After years of trying to beat the supermarkets at their own game, with price cutting, wide product ranges and staff training in wine, specialist off-licence chains have been losing the battle for take-home drinks.
It is only now that they seem to be hitting back with new-style outlets (MW November 8) and the first signs that “branding” is becoming more than just nailing a different name above the door of the stores. Some observers predict that the restructure in the industry will lead to as many as ten per cent of off-licences closing.
Over the past 20 years supermarkets have increased the amount of space they dedicate to selling alcoholic drinks. Wines and spirits can now account for between ten and 15 per cent of a supermarket’s turnover, according to supermarket sources.
The convenience of sweeping a few multipacks of beer and half a dozen bottles of wine into the shopping trolley means the supermarkets now take about 60 per cent of the 6.5bn spent on take-home alcohol in the UK.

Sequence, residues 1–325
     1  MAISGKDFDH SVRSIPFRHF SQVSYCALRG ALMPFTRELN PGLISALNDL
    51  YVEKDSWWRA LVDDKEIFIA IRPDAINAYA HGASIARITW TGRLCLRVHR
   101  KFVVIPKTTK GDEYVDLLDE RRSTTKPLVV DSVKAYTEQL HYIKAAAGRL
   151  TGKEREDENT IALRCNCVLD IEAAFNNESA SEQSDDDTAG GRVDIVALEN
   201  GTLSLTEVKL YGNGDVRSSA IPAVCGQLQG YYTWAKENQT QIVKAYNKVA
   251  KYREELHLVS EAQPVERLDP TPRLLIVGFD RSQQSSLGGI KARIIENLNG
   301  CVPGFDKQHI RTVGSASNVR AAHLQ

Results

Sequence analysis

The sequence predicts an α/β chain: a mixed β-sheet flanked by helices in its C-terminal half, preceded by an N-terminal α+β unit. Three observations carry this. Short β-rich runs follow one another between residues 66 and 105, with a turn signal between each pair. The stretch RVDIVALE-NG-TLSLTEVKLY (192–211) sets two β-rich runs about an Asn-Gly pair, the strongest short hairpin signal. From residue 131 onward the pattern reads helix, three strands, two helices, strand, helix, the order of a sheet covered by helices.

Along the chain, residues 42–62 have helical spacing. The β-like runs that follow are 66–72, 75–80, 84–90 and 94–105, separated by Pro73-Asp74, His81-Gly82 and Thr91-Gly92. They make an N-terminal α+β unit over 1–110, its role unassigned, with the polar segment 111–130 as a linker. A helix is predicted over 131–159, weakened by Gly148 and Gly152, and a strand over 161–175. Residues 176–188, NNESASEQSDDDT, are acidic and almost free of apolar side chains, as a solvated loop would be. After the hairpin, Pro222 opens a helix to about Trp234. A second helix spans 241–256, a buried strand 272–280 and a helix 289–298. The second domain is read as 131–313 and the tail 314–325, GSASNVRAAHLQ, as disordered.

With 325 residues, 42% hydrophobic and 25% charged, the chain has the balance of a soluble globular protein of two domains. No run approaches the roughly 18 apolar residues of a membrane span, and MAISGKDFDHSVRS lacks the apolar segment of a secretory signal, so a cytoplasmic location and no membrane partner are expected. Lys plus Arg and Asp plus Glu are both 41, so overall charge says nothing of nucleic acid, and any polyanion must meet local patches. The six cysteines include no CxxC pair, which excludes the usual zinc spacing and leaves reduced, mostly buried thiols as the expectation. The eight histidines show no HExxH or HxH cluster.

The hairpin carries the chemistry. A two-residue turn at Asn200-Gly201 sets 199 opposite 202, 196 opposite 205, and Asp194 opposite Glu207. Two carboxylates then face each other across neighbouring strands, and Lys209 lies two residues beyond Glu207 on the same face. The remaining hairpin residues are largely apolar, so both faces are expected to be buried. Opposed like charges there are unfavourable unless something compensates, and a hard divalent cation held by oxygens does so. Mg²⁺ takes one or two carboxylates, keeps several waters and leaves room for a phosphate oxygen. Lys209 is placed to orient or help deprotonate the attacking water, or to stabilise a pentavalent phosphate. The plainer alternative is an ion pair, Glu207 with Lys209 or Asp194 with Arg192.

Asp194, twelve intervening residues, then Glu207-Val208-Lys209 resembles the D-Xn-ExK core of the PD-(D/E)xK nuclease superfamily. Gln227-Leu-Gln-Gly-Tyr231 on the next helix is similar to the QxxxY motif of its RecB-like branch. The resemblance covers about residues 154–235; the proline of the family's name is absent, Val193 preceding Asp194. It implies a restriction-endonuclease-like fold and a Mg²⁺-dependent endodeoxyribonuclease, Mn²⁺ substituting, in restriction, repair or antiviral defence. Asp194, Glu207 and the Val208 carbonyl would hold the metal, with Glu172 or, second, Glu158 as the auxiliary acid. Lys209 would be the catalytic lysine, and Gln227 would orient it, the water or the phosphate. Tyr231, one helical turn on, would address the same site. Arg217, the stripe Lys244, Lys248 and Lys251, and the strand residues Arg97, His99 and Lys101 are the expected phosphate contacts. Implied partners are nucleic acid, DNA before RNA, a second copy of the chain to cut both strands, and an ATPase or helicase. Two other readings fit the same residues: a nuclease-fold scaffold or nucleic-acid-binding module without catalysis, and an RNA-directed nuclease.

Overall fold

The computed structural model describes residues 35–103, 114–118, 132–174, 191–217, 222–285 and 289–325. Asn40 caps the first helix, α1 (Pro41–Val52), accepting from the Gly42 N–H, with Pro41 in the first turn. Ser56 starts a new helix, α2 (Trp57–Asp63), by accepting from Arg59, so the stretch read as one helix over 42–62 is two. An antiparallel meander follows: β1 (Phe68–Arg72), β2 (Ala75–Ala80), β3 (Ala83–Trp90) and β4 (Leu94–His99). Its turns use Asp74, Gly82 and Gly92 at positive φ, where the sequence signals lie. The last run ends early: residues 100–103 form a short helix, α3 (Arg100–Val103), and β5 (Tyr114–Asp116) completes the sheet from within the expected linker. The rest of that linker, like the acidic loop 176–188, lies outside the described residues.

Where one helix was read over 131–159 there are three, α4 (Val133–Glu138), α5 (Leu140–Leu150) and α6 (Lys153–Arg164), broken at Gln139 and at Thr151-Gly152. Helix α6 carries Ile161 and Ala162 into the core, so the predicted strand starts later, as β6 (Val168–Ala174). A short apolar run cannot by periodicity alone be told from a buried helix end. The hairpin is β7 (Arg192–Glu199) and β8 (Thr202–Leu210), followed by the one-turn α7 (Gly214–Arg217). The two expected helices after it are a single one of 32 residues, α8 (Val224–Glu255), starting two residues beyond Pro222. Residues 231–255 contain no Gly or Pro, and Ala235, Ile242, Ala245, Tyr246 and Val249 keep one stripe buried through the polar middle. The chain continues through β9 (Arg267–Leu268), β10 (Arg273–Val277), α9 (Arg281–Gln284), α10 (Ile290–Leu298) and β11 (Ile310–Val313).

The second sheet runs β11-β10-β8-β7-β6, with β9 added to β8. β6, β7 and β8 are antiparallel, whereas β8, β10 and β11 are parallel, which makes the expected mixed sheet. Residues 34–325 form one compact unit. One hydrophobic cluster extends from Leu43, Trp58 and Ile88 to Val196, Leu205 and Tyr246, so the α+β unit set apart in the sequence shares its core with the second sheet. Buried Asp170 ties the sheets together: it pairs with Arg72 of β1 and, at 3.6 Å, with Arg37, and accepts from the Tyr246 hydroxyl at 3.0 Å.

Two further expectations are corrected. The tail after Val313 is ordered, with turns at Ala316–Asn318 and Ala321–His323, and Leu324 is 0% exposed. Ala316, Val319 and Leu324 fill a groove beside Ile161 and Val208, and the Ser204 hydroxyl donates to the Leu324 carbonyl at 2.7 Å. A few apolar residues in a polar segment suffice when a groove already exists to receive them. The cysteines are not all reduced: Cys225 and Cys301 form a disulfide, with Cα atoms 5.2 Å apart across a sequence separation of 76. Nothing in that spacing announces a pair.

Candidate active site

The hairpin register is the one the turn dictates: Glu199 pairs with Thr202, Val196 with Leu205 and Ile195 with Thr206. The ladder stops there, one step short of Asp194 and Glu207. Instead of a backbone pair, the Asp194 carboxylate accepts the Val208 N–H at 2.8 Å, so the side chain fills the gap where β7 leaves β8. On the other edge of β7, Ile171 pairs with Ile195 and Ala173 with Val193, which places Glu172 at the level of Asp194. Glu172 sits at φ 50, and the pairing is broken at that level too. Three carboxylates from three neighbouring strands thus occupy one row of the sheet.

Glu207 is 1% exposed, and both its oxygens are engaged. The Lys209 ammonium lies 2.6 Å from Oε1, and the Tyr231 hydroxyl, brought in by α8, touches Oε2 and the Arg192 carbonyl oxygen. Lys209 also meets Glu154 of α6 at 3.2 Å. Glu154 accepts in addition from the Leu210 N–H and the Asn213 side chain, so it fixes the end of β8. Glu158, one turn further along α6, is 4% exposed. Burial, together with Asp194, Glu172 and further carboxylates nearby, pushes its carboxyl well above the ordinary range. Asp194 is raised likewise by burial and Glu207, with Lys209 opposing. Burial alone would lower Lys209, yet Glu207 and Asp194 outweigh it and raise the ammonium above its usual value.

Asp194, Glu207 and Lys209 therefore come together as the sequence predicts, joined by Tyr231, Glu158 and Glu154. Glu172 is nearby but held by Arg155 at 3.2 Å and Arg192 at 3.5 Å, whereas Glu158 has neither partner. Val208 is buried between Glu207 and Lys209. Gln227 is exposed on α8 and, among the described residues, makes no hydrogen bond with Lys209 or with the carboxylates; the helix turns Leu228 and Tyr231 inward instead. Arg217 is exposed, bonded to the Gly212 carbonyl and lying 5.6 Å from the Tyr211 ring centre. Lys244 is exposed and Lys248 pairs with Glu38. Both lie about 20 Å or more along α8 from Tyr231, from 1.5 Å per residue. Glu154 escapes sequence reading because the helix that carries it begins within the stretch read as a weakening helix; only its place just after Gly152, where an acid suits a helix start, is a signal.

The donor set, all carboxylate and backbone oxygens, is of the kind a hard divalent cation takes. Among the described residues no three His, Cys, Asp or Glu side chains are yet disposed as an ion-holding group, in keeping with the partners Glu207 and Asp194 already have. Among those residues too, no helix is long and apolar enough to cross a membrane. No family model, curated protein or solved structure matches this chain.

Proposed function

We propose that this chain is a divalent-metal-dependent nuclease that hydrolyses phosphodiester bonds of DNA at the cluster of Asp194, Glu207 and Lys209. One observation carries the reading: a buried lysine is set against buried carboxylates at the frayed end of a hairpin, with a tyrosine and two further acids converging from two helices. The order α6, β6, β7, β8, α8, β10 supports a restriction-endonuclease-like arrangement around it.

In contrast, the two largest specialist off licences, Thresher and Victoria Wine, with more than 3,000 outlets between them, are thought to make profits of less than 10m and sources suggest are hampered by chronic under-investment. Their share has grown only through acquisitions of other specialist chains.
The off-licences have been caught out by the same seemingly unstoppable supermarket juggernaut that has been devouring everything in its path – first the grocers, the bakers and butchers and more recently petrol retailers, opticians and dry-cleaners.
The supermarkets’ desire to dominate the beer and wine business was further underlined earlier this year (MW 12 April) when Tesco inquired about buying the Seagram-owned Oddbins. The company apparently wanted to exploit the chain’s brand to build its in-store strength in beer and wine, but it baulked at the proposed 60m bill.
Observers now see the opening of Thresher’s first Booze Barn store at London’s Staples Corner retail park last week as evidence of a new era in the fight-back against the supermarkets.